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Comment: Mike Ashley confirms decision to sell off Newcastle United’s future

6 years ago
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The one advantage Newcastle United still have over all but two other clubs will shortly disappear, thanks to Mike Ashley’s short-sighted policy, or asset stripping, depending on how you see it.

Which other club that hasn’t won a domestic trophy in 59 years and had won only five league matches in the last ten months, would have still attracted fifty two thousand fans for a dour relegation battle like Leicester on Saturday?

Rather than this fanatical loyalty being embraced and worked with by Mike Ashley for the future health of the football club, it is being ruthlessly exploited for short-term gains. Then when the owner sooner or later bails out, he will leave a club that is way behind all of its competitors on and off the pitch.

Spurs, Manchester City, Everton and Liverpool are all at various stages with plans to expand their existing stadiums, or build new ones, which will see all four join Manchester United and Arsenal as having grounds with bigger capacities than Newcastle United. Plus West Ham’s move into the Olympic Stadium as tenants will also see their capacity exceed Newcastle’s.

All of these clubs see that this is a time of dramatic growth for English football, ever increasing fortunes are coming into the Premier League and the next TV deals will send these figures into a whole new dimension.

It is a time when all ambitious clubs are looking to the future and realising they have to run pretty quickly just to stand still.

Just look at the investment clubs such as Swansea, Southampton and Hull have put into their squads over the last two seasons compared to Newcastle United.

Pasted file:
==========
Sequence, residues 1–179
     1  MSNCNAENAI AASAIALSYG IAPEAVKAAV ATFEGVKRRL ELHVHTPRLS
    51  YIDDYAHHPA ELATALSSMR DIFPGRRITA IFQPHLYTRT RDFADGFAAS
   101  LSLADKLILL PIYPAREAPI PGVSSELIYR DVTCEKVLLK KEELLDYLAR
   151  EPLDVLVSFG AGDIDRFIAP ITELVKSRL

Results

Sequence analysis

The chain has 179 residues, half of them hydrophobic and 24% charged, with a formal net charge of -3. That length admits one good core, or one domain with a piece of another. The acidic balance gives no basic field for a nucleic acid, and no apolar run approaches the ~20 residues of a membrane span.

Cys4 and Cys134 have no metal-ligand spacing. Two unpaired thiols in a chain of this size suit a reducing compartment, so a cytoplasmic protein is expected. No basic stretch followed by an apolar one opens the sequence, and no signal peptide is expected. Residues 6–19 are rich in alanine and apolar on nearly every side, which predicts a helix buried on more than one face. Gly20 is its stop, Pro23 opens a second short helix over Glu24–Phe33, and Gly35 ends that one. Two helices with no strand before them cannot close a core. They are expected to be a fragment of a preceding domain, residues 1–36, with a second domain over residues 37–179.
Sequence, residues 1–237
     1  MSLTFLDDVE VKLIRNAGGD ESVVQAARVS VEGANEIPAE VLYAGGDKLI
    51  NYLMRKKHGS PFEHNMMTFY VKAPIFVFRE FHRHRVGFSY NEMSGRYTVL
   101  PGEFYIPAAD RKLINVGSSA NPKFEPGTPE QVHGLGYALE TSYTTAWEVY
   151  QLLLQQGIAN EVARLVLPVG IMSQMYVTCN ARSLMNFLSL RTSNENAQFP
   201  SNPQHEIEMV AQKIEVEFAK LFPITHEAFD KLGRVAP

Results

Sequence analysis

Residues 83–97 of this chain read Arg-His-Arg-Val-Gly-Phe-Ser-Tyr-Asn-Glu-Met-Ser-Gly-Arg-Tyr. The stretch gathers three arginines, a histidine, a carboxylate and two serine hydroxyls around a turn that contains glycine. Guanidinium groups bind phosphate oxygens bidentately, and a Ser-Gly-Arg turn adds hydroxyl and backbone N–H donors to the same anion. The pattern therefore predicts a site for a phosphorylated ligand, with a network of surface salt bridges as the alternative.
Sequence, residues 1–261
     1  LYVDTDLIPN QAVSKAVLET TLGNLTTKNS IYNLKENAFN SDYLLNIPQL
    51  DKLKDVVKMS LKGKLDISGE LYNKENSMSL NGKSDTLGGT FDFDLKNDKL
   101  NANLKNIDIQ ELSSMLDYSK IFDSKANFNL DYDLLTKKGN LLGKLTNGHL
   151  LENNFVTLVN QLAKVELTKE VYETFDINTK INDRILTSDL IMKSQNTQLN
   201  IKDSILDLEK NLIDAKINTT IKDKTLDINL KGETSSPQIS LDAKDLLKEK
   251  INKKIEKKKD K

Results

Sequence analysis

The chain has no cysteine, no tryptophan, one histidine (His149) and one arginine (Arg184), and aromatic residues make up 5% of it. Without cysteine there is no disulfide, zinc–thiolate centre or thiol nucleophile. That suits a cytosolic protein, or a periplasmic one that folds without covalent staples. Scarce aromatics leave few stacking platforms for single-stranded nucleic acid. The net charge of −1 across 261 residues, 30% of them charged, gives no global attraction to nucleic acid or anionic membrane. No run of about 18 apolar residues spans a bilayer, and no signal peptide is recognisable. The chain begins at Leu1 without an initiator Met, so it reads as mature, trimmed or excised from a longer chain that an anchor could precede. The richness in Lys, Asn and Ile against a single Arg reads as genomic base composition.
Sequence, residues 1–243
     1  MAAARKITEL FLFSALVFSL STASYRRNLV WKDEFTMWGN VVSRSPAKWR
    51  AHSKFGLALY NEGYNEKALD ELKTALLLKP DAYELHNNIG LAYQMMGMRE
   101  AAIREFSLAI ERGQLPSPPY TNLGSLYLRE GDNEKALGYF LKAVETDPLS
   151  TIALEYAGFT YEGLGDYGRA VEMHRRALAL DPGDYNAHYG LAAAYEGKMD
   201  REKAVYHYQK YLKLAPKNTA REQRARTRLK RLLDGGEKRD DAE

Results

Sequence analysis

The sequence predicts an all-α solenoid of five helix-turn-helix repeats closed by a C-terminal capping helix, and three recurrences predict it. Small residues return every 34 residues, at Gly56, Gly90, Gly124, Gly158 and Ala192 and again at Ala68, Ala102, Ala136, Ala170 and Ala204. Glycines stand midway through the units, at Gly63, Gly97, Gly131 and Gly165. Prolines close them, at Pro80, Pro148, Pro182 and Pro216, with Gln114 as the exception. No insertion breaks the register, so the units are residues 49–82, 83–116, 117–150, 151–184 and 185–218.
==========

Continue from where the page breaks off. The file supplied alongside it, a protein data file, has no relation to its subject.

Newcastle’s commercial revenues are being suffocated by the free advertising dished out to Mike Ashley’s empire, meaning pretty much total lack of other sponsors apart from the Wonga deal which damages Newcastle United as a ‘brand’. Combined with all but totally disappeared merchandising profits, it paints a sorry picture.

The fans though are by far Newcastle United’s big selling point as always, plus of course THE reason why we are still saddled with Mike Ashley as owner. He wouldn’t still be here if it was like Aston Villa and he had banks of empty seats behind his adverts beamed out to the world.

So while all of these other teams are looking to invest both on AND off the pitch in strengthening for the future, we are instead just dealt a load of PR nonsense and constantly spun stories from media close to/compliant with Mike Ashley.

When it comes to developing their very best stadiums for the future then massive figures are set to be spent elsewhere, with estimates of £400m at Tottenham, £200m at both Manchester City and Everton, plus £150m at Liverpool.

Maximising their potential and making every effort to attract as many fans as possible to watch their team, build their fanbase and put together as many factors as possible that will ensure they have the best chance of competing and strengthening each coming season.

Then we have Newcastle United and Mike Ashley.

At Monday night’s Fans Forum at St.James’ Park, supporter representative Taylor Payne asked;

“Could the club explain why the Gallowgate End cannot be extended as per the Milburn Stand? (In relation to the sale of (lease of) land across Strawberry Place).”